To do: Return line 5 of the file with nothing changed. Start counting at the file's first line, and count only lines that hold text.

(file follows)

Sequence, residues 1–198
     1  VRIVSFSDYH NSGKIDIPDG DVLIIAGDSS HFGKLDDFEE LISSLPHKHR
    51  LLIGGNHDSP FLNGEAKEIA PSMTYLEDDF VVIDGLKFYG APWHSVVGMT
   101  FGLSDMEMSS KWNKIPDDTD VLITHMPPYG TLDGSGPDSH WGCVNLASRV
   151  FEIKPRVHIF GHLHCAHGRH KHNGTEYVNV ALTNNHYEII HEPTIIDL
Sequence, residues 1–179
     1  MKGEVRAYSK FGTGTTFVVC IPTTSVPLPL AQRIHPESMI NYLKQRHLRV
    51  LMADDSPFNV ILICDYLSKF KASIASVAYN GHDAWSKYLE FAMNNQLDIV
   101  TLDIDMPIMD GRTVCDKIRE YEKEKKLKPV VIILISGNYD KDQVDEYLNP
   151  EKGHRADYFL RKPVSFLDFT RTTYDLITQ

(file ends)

   151  FEIKPRVHIF GHLHCAHGRH KHNGTEYVNV ALTNNHYEII HEPTIIDL